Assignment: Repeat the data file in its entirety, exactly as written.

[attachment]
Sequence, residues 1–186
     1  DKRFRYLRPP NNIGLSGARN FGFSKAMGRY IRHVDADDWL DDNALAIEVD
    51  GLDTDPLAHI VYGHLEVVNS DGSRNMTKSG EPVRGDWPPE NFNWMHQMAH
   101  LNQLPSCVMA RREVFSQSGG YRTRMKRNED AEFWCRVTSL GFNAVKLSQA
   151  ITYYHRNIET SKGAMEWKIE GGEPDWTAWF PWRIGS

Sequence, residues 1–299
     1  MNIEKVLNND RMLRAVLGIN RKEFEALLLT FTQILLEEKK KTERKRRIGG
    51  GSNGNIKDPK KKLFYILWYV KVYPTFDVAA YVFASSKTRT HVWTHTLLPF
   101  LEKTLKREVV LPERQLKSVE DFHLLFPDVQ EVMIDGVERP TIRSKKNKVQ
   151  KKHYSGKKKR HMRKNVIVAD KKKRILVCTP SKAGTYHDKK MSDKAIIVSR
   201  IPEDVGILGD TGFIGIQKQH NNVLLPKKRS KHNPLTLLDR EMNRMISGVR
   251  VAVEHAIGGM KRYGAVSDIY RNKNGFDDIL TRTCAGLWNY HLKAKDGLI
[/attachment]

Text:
Sequence, residues 1–186
     1  DKRFRYLRPP NNIGLSGARN FGFSKAMGRY IRHVDADDWL DDNALAIEVD
    51  GLDTDPLAHI VYGHLEVVNS DGSRNMTKSG EPVRGDWPPE NFNWMHQMAH
   101  LNQLPSCVMA RREVFSQSGG YRTRMKRNED AEFWCRVTSL GFNAVKLSQA
   151  ITYYHRNIET SKGAMEWKIE GGEPDWTAWF PWRIGS

Sequence, residues 1–299
     1  MNIEKVLNND RMLRAVLGIN RKEFEALLLT FTQILLEEKK KTERKRRIGG
    51  GSNGNIKDPK KKLFYILWYV KVYPTFDVAA YVFASSKTRT HVWTHTLLPF
   101  LEKTLKREVV LPERQLKSVE DFHLLFPDVQ EVMIDGVERP TIRSKKNKVQ
   151  KKHYSGKKKR HMRKNVIVAD KKKRILVCTP SKAGTYHDKK MSDKAIIVSR
   201  IPEDVGILGD TGFIGIQKQH NNVLLPKKRS KHNPLTLLDR EMNRMISGVR
   251  VAVEHAIGGM KRYGAVSDIY RNKNGFDDIL TRTCAGLWNY HLKAKDGLI